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Fert. Rate Question

Discussion in 'Fertilizer Application' started by Teach123, Apr 24, 2012.

  1. Teach123

    Teach123 LawnSite Member
    Posts: 155

    My local Ag Ext. office suggested that I apply 4-5 lbs. of actual Nitrogen per 1000 throughout the season. They gave me a schedule that consists of adding about a lb. 4-5 times per season. This was based on the fact that I have really good cultivars of KBG and have irrigation system. Here's my question (and they haven't responded to me):

    If the Lesco fert. is say 15-15-5. That means that by volume 15% is nitrogen. How do I figure out what one pound of nitrogen is??

    Here's what I think...tell me if I am wrong...

    I usually apply the 15-15-5 at 3.5 pounds per 1000. Does this mean 15% of 3.5 is .525. Does this mean I put down .525 lbs. of actual nitrogen when I do this. And then doubling this would mean approximately 1 lb. of actual nitrogen?

    Does this sound correct?

    Thanks for your input!!
  2. RigglePLC

    RigglePLC LawnSite Fanatic
    Posts: 12,216

    You are correct, Teach.
    However, you don't need the middle number, the phosphorus, its expensive, (and phos is outlawed in some states).

    And they didn't even tell you that slow release nitrogen is far superior: it resists wash out due to heavy rain, and it lasts longer--so you don't need as much. Try to find a higher quality nutritional product. It should have about 50 percent of the nitrogen in the form of slow release.
    In Springfield your soil may be high quality. Perhaps you don't really need the last number either (potassium, also expensive).

    Perhaps 37-0-0 fully coated is the best bet.
    If your soil potash is 120 lbs/acre or more--you don't need more.
  3. Snyder's Lawn Inc

    Snyder's Lawn Inc LawnSite Platinum Member
    Posts: 4,541

    I would do a soil test then you would know what your lawn needs
  4. Teach123

    Teach123 LawnSite Member
    Posts: 155

    Thanks for the suggestions guys. I am going to run by JDL this weekend so I'll look for some slow release at a higher nitrogen content and lower potash etc... I would assume Lesco would have something. My early spring soil tests were good. Everthing seems balanced. PH of 6.6.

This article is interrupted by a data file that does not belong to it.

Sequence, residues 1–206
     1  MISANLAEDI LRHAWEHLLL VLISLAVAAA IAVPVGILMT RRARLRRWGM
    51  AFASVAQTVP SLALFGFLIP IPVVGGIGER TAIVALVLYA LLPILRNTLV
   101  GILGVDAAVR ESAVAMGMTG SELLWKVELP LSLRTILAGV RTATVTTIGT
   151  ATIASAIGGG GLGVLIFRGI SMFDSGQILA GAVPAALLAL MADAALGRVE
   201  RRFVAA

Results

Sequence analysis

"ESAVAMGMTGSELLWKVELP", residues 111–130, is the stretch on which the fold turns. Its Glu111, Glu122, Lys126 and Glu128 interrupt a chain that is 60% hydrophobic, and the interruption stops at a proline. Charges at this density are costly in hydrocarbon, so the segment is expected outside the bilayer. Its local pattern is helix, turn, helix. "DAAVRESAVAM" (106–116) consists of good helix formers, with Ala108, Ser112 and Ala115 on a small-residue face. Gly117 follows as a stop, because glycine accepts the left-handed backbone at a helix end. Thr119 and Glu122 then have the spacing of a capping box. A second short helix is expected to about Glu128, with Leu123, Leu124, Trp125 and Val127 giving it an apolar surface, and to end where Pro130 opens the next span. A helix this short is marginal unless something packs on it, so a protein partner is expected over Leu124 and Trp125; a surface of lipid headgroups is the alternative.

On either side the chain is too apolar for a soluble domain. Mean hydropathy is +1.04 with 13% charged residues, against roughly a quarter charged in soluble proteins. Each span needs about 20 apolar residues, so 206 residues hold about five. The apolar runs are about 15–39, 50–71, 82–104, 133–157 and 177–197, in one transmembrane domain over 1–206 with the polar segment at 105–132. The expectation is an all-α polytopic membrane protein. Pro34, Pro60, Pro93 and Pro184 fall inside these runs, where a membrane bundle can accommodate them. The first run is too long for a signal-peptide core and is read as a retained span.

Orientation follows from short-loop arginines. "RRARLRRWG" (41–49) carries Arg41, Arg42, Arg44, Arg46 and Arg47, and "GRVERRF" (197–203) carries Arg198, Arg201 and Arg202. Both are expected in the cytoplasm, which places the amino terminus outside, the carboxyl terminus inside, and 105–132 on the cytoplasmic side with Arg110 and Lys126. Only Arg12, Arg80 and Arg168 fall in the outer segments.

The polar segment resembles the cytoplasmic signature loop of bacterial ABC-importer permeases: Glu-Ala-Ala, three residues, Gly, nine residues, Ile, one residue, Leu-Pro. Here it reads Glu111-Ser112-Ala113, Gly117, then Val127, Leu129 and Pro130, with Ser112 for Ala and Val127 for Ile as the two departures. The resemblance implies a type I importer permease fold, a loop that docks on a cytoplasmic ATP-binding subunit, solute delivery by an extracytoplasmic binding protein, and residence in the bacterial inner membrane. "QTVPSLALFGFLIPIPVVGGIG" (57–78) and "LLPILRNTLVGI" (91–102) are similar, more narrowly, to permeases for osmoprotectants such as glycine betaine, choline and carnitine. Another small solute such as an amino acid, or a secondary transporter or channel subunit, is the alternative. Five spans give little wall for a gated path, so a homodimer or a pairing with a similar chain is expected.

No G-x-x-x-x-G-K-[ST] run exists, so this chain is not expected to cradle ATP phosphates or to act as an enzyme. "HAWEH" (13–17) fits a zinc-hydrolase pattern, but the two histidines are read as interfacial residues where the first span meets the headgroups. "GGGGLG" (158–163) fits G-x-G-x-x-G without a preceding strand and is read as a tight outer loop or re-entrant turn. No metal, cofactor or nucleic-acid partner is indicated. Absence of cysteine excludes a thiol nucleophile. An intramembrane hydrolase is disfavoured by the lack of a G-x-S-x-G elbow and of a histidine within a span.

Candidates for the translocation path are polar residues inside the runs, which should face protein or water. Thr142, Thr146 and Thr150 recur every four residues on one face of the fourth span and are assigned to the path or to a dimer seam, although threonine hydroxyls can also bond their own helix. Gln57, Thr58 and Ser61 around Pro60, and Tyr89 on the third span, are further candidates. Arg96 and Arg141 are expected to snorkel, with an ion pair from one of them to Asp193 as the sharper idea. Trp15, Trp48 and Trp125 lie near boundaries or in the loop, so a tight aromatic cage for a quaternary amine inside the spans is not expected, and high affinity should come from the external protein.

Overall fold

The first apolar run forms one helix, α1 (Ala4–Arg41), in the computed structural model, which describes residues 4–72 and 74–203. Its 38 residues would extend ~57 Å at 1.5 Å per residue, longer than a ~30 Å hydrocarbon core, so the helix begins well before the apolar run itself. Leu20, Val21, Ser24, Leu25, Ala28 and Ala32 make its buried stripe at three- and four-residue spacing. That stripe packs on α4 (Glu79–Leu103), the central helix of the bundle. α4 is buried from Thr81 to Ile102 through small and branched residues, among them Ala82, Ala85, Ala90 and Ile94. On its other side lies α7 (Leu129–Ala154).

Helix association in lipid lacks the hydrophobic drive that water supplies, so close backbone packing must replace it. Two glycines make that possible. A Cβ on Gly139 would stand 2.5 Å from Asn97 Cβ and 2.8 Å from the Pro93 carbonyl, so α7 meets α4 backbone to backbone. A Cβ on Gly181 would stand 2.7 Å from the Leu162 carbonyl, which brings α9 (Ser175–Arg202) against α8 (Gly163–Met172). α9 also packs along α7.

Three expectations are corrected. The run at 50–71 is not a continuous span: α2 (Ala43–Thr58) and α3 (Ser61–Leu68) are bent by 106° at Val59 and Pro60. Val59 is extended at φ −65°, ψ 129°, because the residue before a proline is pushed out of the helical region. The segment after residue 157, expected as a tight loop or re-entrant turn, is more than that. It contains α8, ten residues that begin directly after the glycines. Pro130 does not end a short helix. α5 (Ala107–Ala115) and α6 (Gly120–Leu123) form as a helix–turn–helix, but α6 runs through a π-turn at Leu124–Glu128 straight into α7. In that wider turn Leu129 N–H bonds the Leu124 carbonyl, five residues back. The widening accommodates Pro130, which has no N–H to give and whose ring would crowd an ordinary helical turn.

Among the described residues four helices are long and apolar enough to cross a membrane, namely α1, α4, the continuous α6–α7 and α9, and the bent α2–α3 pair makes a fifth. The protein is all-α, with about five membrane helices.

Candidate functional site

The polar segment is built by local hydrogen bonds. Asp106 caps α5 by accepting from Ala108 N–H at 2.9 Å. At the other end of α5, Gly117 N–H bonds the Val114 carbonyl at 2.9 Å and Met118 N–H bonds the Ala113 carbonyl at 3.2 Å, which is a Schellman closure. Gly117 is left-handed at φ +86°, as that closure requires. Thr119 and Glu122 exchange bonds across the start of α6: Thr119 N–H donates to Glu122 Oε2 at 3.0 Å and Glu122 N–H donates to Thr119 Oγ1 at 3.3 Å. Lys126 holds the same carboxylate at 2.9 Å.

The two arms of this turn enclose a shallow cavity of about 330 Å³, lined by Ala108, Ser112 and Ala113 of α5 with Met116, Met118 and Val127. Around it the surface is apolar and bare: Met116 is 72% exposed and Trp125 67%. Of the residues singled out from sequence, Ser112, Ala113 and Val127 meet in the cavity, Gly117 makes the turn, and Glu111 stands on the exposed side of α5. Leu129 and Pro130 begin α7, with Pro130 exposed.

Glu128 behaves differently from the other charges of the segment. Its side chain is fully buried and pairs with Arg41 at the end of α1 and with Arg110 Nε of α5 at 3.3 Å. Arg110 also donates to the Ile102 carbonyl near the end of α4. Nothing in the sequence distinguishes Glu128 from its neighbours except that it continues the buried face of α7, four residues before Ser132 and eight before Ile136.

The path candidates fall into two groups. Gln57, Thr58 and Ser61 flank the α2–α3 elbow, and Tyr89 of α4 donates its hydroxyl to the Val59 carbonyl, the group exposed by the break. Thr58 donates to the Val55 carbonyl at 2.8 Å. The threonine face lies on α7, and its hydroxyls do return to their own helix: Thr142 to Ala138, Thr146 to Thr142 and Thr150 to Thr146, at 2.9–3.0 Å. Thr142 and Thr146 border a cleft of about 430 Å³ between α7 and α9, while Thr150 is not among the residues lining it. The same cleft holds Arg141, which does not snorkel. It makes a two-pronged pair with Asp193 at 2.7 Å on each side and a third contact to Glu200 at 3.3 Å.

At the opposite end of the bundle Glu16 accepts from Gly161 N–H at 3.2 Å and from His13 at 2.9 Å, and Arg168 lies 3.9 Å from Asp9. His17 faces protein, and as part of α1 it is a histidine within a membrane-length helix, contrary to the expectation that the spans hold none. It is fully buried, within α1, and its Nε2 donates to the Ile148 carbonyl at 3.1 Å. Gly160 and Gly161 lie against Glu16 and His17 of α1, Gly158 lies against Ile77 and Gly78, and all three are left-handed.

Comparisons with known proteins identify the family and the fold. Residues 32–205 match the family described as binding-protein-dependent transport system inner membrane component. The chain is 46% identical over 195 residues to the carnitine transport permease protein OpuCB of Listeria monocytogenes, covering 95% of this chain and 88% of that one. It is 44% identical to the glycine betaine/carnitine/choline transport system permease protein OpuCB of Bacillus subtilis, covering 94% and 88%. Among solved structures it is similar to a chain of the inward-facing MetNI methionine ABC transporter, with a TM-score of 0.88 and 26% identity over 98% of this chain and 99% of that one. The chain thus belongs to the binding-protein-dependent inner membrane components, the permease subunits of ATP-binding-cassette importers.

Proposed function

5. pinto n mwr

    pinto n mwr LawnSite Senior Member
    from gr8, mn
    Posts: 422

    You know, I love educated homeowners vs uneducated townhome owner. Good for you teach!
  6. Teach123

    Teach123 LawnSite Member
    Posts: 155

    Thanks pinto. I've actually learned a lot from people on here. It's nice to know I am not the only "psycho lawn guy" :)
  7. mikesturf

    mikesturf LawnSite Senior Member
    Posts: 795

    Riggle is correct-no Phosphorus in Illinois, unless soil test indicates (however I have never seen a soil test low on P).
  8. Landscape Poet

    Landscape Poet LawnSite Gold Member
    Posts: 3,638

  9. Teach123

    Teach123 LawnSite Member
    Posts: 155

    @Poet: Thanks! That calculator is slick!
  10. RAlmaroad

    RAlmaroad LawnSite Silver Member
    from SC
    Posts: 2,194

    Just wait until you start talking with the lawn ie: "Now let's see what we can do for you today. Got a little fungus, Well, I just take care of that."

    Psychotic and being Italian-German, speaking interchangable, close friend is Japanese, walking in running irrigation systems--no wonder people won't talk with me, but I'm sure left alone to do my work, but my friend is worse.

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